Take the matter of poor water at fires, for instance; I will cite two for the purpose of showing what may happen in water supply engineering. In April, 1893, a fire occurred in one of the buildings forming a part of the plant of a large brewing company in Detroit. The fire was quite ugly at the outset, and the officer in command promptly sent in a third alarm. When I arrived on the ground three engineers, whose engines were located on Jefferson avenue, in which was a 42inch supply main with a 6-inch distributing main alongside, complained of poor water, and proved it by recording a vacum pressure on their combination gauges. It did not need the gauge, however, to fell the story, as by standing next the hydrant I could hear the suction. I could only think of a broken gate somewhere on the line, but when my friend, the engineer of the water works, got my interrogatory and set about investigating, he developed one of the most serious minor defects in our system. It appears to have been the practice heretofore to lay large and small supply mains through districts they were intended to supply without connecting them to cross lines. I11 this case the engines actually pumped dry a section covering 10,368 square feet, and the investigation revealed that while the 42 inch and 6-inch mains were laid parallel, they were only connected at points 5,100 feet apart, and that the district north was supplied entirely from this 6-inch main, and all hydrants were connected with it.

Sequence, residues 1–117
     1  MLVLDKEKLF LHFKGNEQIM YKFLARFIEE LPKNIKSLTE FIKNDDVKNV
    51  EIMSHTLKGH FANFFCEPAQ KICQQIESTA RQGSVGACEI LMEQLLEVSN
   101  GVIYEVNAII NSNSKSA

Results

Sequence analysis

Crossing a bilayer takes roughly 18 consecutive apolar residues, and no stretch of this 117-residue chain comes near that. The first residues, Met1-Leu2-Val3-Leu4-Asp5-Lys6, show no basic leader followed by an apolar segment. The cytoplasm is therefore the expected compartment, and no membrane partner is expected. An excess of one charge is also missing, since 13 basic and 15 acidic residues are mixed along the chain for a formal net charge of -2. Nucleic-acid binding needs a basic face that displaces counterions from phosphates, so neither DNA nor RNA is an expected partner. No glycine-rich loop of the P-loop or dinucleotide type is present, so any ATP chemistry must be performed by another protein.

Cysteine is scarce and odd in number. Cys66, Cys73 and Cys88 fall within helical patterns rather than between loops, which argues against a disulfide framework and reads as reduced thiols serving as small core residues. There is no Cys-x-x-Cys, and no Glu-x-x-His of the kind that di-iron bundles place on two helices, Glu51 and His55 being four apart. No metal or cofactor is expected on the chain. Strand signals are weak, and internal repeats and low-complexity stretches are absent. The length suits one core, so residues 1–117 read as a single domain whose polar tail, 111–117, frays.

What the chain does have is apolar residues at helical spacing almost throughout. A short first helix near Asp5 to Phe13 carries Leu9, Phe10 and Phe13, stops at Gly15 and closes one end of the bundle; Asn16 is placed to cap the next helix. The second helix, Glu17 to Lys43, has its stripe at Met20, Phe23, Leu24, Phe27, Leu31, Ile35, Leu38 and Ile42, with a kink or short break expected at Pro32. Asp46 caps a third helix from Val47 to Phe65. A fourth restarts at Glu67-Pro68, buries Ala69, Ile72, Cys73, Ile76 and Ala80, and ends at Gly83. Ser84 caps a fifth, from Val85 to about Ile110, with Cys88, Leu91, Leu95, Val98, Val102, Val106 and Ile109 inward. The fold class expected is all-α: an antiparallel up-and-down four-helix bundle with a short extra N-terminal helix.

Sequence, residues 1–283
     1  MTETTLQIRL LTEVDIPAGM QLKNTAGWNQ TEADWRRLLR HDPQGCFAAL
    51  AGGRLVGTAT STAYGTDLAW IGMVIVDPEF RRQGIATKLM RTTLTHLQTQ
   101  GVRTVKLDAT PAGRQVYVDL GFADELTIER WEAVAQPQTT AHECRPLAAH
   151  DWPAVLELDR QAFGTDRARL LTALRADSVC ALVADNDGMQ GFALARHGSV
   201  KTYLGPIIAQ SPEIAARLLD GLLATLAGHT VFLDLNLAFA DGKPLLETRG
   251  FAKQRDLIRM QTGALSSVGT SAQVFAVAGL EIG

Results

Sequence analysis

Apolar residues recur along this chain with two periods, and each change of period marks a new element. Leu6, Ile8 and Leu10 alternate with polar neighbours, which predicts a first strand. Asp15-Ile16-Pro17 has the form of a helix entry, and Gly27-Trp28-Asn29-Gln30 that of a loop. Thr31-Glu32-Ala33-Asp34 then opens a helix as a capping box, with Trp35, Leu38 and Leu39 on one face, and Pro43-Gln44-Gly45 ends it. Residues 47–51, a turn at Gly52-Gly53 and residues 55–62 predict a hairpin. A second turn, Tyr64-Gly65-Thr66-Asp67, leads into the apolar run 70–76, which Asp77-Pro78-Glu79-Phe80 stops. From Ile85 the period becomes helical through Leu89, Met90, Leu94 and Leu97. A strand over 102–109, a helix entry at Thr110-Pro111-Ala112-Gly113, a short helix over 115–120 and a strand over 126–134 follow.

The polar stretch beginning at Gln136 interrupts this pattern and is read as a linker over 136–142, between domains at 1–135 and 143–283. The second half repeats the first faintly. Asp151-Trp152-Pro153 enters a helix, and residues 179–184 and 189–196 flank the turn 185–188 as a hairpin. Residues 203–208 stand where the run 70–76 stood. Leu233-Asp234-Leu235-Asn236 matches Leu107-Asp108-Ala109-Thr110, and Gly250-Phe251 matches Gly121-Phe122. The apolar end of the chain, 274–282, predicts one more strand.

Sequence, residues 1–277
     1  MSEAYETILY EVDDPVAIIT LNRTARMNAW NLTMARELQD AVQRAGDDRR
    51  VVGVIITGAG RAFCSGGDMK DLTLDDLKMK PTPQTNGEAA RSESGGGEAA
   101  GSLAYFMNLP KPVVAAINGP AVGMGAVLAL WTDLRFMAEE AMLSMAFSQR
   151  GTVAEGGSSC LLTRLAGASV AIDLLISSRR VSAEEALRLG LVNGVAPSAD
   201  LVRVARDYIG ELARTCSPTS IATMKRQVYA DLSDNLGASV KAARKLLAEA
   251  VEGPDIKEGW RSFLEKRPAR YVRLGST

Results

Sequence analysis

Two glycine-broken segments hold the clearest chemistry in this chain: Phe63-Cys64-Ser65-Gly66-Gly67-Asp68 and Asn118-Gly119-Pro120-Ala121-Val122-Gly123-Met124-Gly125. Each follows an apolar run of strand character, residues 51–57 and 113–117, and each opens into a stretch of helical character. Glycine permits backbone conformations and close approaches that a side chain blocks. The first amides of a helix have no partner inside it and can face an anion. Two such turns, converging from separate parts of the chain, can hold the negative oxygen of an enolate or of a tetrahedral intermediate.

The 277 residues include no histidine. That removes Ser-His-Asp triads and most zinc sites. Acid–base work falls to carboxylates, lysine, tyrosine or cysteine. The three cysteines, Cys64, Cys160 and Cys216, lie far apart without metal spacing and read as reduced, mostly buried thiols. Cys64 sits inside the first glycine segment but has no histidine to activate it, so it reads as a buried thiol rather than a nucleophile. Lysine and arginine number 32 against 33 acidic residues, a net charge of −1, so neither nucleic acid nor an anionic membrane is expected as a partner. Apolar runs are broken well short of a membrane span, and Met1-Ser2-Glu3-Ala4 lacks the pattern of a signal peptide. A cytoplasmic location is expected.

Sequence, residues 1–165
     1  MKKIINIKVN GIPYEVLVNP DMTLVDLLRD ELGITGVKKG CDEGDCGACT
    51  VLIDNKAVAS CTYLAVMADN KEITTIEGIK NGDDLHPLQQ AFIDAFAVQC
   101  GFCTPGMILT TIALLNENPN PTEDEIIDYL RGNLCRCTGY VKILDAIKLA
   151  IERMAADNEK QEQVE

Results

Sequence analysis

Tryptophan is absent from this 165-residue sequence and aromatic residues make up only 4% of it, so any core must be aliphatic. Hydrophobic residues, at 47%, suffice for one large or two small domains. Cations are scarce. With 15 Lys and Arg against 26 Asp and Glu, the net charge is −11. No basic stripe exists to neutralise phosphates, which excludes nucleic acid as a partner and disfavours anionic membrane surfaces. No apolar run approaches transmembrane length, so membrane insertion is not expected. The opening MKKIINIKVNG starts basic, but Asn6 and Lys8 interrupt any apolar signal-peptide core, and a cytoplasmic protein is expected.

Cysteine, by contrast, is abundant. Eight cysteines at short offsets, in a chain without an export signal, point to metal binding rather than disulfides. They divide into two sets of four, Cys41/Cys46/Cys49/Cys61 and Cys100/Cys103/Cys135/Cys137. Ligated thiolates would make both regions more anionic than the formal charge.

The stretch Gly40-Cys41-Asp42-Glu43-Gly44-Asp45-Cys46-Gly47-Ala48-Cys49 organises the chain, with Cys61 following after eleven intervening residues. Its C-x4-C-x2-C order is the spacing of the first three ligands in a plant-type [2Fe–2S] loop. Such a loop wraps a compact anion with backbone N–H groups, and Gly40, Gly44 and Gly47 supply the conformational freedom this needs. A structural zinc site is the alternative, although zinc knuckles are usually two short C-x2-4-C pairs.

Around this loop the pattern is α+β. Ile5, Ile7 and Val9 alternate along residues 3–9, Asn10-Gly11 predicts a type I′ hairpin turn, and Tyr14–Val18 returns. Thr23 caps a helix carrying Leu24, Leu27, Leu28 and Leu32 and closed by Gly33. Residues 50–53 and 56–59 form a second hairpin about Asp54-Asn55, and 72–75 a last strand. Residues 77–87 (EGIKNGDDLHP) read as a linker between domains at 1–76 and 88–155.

In March, 1894, a lire occurred on Michigan Avenue and the following is the water supply record, as submitted to the Engineer of the Water Works:

“Engine No. 3 took suction at the N. W. corner of Sixth Street and Michigan Avenue.

Water Pressure on engine when No. 8 was working, . 44

Pressure on combination gauge at same time,. o

Pressure on engine when at rest . . 30

Eeet of hose (3 inch) worked through. 350

Lines of hose. 1

Size of nozzle 1/2 inches

Engine No. 8 took suction at the S. W. cornerof Baker Street and Michigan Avenue.

Water pressure on engine when No. 3 was working. . . So Pressure on combination gauge at same time, vacuum 15 in.